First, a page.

Words by: Jonathan Hawes Art by: Jessica La
When my girlfriend and I walk through town holding hands, we turn a lot of heads. I joke that it’s because they’re wondering how a beautiful woman like her ended up with an average Joe like me. Though underneath the humour, we both know why people are staring. She’s Black, and I’m White.
To be fair, most of the staring took place in rural England, where we first met. I have no idea how Aussies would react to seeing us in public. Hopefully there’d be a lot less blatant staring — interracial relationships are over four times more common in Australia than in England.
But we’re not just interracial, we’re inter-continental.
To cut a long story short: I’m from America, she’s from Kenya. We met in the UK while studying our Bachelor degrees, and now I’m doing a masters in Australia while she does hers in England.
Every relationship faces challenges, but I’d argue ours are fairly unique. There are a lot of cultural differences between a white man from rural Texas and a Kisii woman from Nairobi.
Some of these differences are fun to explore. She likes the way I say Texan idioms, like “this ain’t my first rodeo,” or “we’ve howdied, but we ain’t shook”. I find some of her superstitions amusing, like how you shouldn’t whistle at night or how it’s a bad omen if you hear an owl’s hoot while dusting your house during twilight.
Other differences are more serious and impact our plans for the future. Kenyan culture is generally risk-averse and having debt is frowned upon, so mortgages are basically unheard of. If you don’t have the money to buy a house outright, you rent until you do. There’s also no expectation to move out of your parents’ house, regardless of your age.
As an American, I baulk at the prospect of living with my parents past my early twenties, and a mortgage seems as natural to me as apple pie. Our compromise? We’ve agreed to never have a mortgage, but we’ll rent our own place as soon as we can.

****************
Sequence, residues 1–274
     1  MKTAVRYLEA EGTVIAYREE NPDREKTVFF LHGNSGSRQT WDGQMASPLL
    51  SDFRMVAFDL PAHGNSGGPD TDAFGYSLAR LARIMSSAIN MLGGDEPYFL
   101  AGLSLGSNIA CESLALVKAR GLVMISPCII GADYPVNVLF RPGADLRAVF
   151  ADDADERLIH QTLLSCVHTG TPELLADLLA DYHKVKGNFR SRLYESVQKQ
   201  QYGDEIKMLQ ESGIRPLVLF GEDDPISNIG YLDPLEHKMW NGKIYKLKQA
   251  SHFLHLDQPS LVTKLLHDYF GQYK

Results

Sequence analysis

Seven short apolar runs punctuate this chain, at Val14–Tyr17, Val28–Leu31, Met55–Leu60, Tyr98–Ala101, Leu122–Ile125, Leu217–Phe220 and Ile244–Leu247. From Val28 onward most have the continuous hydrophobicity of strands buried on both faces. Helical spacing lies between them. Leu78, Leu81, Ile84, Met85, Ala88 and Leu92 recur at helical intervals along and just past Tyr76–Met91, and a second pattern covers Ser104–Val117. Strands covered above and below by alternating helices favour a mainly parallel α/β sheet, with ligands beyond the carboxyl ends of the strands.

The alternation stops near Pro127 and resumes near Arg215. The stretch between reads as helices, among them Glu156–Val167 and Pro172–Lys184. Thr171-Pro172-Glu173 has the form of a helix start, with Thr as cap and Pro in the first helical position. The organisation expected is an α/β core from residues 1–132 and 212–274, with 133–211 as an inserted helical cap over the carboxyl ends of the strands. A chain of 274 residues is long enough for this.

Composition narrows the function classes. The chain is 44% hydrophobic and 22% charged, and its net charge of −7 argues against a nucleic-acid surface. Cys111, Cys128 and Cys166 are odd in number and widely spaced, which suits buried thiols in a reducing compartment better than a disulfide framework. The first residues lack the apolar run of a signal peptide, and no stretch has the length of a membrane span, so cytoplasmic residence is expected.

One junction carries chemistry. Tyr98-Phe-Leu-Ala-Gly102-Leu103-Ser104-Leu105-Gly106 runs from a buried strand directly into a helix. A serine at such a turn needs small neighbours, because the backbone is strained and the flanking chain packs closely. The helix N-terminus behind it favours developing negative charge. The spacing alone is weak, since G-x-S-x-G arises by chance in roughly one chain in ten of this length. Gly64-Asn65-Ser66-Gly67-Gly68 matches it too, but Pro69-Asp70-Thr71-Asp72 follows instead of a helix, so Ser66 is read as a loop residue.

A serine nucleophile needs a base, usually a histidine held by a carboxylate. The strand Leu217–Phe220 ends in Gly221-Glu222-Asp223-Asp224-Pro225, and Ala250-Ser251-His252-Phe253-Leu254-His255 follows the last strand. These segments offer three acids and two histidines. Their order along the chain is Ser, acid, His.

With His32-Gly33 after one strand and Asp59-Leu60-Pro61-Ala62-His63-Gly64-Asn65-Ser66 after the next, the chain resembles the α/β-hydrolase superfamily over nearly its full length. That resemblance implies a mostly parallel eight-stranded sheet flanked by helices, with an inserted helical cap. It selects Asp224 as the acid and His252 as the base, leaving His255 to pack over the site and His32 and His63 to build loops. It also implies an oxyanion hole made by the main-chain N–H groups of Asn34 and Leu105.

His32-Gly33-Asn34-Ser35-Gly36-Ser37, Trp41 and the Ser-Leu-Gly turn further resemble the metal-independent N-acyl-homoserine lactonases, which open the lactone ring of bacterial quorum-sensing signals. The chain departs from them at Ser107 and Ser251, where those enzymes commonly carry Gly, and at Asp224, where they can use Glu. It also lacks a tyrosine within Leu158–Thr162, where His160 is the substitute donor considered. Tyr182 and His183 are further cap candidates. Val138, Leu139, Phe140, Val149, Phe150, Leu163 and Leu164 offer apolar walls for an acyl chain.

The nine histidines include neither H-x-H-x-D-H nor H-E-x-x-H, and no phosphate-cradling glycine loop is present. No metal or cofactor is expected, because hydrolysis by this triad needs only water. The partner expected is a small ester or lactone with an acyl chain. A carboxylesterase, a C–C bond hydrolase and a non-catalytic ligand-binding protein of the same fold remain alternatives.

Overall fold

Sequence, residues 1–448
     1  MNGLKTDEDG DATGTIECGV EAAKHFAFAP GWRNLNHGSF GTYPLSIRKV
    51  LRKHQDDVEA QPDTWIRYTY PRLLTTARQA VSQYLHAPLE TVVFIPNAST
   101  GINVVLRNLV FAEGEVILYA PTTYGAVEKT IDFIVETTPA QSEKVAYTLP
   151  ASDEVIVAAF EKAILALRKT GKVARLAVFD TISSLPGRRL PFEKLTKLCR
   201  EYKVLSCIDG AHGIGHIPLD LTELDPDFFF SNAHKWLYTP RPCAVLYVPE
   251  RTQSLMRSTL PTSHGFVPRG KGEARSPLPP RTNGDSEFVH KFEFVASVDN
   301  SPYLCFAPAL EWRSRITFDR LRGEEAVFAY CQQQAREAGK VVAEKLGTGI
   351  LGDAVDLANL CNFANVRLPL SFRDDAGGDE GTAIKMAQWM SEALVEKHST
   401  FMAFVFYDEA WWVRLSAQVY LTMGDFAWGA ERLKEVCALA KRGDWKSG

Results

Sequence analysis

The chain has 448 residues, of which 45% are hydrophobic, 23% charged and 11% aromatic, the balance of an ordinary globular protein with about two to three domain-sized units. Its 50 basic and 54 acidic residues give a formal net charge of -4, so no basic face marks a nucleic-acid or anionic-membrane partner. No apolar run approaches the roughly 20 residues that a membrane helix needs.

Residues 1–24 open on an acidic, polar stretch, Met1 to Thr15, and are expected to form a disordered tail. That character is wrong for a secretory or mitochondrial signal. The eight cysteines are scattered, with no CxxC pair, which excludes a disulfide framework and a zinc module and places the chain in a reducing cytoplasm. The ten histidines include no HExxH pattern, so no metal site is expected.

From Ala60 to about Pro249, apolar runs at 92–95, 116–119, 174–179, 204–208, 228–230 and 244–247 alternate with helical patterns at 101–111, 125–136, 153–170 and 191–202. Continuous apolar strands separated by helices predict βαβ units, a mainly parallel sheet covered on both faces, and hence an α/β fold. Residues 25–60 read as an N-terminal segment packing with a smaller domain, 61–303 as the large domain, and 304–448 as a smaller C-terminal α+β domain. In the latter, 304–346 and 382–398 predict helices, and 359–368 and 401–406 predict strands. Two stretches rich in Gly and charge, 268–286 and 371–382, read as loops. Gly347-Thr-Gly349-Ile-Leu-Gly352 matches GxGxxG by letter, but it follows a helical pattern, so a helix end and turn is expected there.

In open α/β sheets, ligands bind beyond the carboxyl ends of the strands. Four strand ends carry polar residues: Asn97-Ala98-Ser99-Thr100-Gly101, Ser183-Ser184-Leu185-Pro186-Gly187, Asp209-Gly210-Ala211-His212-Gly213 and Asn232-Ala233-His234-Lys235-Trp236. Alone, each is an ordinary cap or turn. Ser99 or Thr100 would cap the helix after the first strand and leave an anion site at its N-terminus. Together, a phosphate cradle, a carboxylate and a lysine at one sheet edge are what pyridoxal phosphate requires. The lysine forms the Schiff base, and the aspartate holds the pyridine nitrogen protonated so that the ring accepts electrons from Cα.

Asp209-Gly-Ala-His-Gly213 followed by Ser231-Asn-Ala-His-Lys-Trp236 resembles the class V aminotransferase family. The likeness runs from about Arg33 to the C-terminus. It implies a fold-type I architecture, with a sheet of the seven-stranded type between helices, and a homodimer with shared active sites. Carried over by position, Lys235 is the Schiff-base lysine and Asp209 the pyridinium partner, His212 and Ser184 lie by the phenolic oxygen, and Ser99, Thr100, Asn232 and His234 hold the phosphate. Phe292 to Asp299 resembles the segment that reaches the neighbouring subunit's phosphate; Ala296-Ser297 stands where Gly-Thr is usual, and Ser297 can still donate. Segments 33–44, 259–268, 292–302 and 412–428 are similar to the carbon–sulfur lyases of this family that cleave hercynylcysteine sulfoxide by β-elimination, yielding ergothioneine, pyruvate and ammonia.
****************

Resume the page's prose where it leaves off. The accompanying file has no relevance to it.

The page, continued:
Speaking of parents, the stigma around meeting your partner’s parents is very different. I introduced my partner to my parents about six months after our first date, but two years later I still haven’t met hers. That’s because in Kenya, you generally don’t introduce your parents to your significant other unless you’re about to marry them.
I’m happy to put that one off, though. Meeting the parents can be scary.
Though what’s truly scary is how our relationship was impacted by the pandemic. Due to travel restrictions and other logistical nightmares, we dated long-distance for over 600 days!
That was a hard time. We both enjoy physical touch as a love language, so not being able to hug, kiss, hold hands or knock boots was heartbreaking. On top of that, we were dealing with a six-hour time difference, so we couldn’t even talk to each other as much as we wanted to.
But that didn’t stop us from trying. Zoom dates, online games, long strings of text messages — we did it all. One day we even spent 12 hours chatting on the phone!
Thankfully, we get to see each other more often these days. The experience we gained over those 600 days helped us learn how to communicate effectively. We’ve become long-distance pros!
People have asked me how we did it, but honestly, it just felt like we had no other option. We love each other, and when someone is willing to put in the time and effort to love you regardless of the distance, you feel compelled to return the favour twice over.
Managing distance wasn’t the only thing I’ve had to learn. As a white man, I’ve had to recognise and dismantle many racial biases I wasn’t previously aware of within myself. Thank goodness uni had already made me open to this process before we started dating. Who knows if she would’ve had the patience to deal with my 17-year-old self? (She assures me that she would have, and that she would’ve just kicked my butt until I started acting right.)
One of the most pivotal experiences in making me realise the extent of the bias I grew up with was when I was showing a picture of my girlfriend to a friend of mine back in Texas. His first response was a slightly confused “huh”, followed about 10 seconds later with, “never thought you’d date a black chick”.
I’m not friends with him anymore.
When he said that, I was appalled. What did he mean by that? Why did her skin colour matter? After thinking it out over a few days, I came to the horrific realisation that just a few years ago I might’ve thought the same thing.
That’s just one example of me having to confront my own bias. It starts with learning that your view is not the default or the norm. From there, you’re more able to listen to and appreciate other points of view, even when they come into conflict with your own deeply held beliefs.
Introspection like that is often painful, but it is also necessary to avoid inflicting pain on others. We need to break free from our echo chambers, as the world outside has a lot more to offer than what we can find back home.
So if you’re ever out on the street and you catch yourself staring at a mixed-race couple, maybe you should take some time to think about why that is. You might not always like the answers you find, but in the long run it’s a rewarding, enlightening experience.